Press Release

San Ysidro/Otay Mesa: A sense of history and community pride


Most people think of San Ysidro as the place to drive through to get to the Mexican border, but the district is more than just a border crossing, with a long history and sense of community pride.

History: In the 1800s, San Ysidro and Otay Mesa were part of a land grant named Tia Juana, which ended up on both sides of the U.S.-Mexico border with the establishment of international boundary line through the property. Journalist and historian William E. Smythe bought a piece of land in 1908 to create a utopian agricultural community known at the “Little Landers” – each settler would get “a little land and a living” – an idea that attracted about 300. San Ysidro surged during Prohibition, catering to tourists flocking to Mexico. San Diego annexed Otay Mesa in 1956 and San Ysidro in 1957. Eventually, Interstates 5 and 805 cut through San Ysidro, displacing much of the old commercial area. Plans are now underway to re-establish a vibrant tourist center. The plan envisions a “Mexican Village” that would become a visitor destination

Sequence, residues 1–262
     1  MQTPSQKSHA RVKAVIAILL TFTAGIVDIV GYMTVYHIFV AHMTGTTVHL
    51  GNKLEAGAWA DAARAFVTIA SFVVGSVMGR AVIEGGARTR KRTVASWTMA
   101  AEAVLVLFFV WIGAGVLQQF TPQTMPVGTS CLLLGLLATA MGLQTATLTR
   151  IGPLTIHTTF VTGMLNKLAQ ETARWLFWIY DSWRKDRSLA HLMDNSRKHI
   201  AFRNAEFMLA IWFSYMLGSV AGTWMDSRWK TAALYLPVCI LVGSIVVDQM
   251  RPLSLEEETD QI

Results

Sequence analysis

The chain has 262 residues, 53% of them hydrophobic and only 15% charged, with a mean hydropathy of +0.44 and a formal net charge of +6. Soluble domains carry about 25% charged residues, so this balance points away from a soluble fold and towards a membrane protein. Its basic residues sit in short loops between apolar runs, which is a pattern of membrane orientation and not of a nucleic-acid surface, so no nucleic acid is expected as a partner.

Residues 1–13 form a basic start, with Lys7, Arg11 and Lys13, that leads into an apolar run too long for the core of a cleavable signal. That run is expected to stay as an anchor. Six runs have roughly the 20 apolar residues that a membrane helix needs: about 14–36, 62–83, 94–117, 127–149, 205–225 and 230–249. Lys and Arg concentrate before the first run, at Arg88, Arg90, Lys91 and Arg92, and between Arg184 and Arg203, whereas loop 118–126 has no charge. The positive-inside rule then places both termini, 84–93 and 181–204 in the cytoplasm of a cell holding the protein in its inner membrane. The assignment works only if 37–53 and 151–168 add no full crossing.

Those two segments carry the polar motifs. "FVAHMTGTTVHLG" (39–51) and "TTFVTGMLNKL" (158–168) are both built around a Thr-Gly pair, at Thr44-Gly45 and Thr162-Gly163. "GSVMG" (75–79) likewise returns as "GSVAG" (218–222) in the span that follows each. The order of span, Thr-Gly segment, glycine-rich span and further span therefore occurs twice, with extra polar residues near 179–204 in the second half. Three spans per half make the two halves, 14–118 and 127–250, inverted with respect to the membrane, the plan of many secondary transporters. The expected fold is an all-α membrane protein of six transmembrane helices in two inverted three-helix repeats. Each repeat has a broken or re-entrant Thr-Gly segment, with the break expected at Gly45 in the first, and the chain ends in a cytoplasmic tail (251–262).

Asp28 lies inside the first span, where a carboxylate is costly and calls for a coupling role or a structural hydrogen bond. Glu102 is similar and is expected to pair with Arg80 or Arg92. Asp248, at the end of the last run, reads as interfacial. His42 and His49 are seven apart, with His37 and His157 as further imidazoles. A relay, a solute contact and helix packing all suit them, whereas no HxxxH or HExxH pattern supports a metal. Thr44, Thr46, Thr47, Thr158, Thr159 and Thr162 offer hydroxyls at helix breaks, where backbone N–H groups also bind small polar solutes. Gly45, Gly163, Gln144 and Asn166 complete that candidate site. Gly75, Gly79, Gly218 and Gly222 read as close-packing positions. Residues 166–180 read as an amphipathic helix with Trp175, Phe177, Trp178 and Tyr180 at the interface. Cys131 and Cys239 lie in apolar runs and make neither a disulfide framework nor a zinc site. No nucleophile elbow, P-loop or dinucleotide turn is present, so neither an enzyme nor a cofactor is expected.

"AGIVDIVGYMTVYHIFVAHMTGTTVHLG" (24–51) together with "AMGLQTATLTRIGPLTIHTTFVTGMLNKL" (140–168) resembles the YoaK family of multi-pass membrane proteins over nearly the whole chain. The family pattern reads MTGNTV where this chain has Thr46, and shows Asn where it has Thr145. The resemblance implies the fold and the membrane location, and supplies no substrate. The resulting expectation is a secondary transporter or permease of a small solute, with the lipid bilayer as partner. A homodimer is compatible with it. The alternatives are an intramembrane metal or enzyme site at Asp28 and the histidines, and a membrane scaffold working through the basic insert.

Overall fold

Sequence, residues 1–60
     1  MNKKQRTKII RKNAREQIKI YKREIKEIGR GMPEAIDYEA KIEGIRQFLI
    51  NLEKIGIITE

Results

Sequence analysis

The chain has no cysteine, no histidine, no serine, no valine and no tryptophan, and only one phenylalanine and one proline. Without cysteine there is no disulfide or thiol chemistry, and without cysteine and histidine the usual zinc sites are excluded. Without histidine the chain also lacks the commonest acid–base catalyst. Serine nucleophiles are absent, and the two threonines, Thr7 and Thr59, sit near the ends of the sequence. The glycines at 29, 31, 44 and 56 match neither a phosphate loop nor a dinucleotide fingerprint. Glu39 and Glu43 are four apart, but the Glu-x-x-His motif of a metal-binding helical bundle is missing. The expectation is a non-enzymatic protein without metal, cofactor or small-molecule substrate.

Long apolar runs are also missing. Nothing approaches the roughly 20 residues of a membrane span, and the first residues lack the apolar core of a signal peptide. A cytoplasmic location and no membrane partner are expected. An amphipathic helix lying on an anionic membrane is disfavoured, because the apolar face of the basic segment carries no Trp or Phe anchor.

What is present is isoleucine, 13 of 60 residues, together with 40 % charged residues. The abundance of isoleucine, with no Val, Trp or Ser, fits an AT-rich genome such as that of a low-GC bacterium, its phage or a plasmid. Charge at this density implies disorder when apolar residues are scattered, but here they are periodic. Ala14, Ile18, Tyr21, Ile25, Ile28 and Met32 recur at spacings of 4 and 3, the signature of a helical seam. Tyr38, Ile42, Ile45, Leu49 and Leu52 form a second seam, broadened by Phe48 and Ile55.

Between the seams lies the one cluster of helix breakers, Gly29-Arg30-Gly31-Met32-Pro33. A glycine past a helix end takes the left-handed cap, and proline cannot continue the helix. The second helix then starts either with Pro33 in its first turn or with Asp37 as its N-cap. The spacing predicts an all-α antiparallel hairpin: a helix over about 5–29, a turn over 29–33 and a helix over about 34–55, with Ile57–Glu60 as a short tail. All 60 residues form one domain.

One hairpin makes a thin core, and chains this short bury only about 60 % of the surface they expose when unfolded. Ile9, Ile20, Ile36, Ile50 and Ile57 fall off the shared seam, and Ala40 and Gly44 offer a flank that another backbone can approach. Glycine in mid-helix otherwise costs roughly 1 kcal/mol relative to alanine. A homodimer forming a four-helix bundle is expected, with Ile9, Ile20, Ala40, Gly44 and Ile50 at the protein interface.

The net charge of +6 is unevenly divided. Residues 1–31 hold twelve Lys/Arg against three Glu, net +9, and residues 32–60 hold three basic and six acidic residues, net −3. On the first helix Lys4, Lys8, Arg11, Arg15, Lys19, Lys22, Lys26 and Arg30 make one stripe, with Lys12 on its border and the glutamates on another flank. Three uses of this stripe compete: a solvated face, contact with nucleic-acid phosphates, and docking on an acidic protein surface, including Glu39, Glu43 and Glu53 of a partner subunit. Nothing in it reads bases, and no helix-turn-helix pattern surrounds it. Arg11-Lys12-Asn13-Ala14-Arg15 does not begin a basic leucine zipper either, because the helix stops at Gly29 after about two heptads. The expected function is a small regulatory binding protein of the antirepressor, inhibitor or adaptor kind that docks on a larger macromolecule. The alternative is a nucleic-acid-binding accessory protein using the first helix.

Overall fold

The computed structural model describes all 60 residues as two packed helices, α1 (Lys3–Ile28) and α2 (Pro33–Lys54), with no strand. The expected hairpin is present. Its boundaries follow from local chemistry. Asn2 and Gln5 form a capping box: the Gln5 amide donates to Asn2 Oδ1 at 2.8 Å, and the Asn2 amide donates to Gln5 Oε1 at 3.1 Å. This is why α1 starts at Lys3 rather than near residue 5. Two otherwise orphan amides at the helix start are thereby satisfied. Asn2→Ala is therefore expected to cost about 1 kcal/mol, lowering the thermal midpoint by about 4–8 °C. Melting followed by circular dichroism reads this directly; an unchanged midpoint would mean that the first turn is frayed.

How it got its name: The Little Landers named San Ysidro after Saint Isidore of Spain, the Catholic patron saint of farmers. Otay is Kumeyaay for “bushy.”

Landmarks: The San Ysidro Port of Entry is the world’s busiest land crossing. The U.S. Customs House, which dates from the 1930s, is on the National Register of Historical Places. Nearby, Brown Field has been operating since World War II, first as a military airport and now as a public airfield.

Things to do: Las Americas Premium Outlets attracts shoppers from both sides of the border.

By: MARTINA SCHIMITSCHEK, San Diego Union Tribune